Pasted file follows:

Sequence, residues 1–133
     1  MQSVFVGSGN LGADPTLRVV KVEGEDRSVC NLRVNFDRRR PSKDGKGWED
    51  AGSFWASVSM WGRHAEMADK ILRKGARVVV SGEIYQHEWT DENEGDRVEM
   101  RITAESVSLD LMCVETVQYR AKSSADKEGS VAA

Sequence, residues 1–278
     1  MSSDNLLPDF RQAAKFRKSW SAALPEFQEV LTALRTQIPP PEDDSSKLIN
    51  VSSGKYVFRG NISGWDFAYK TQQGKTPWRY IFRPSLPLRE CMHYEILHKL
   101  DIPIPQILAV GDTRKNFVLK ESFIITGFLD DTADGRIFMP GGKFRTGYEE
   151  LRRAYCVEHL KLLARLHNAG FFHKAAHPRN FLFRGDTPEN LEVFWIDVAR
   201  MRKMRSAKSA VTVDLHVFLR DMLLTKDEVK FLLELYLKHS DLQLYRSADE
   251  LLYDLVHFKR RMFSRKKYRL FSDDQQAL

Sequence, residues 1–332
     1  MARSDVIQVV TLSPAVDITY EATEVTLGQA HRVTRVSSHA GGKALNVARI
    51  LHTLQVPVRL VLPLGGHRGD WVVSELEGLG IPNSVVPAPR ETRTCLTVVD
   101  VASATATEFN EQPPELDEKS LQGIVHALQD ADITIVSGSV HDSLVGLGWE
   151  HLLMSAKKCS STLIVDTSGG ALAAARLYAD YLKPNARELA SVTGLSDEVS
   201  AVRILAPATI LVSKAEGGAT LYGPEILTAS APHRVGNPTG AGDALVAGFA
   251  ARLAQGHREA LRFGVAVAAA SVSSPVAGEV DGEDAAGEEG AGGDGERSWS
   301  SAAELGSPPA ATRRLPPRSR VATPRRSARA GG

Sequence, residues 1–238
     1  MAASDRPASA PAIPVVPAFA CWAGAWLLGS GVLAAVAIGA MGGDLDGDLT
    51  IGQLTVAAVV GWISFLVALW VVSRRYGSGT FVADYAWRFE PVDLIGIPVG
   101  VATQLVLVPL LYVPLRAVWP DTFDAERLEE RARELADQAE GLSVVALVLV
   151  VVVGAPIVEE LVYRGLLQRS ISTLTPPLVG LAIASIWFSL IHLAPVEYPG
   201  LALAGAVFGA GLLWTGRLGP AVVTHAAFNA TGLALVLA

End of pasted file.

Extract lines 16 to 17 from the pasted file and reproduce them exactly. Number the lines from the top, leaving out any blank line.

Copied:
   151  HLLMSAKKCS STLIVDTSGG ALAAARLYAD YLKPNARELA SVTGLSDEVS
   201  AVRILAPATI LVSKAEGGAT LYGPEILTAS APHRVGNPTG AGDALVAGFA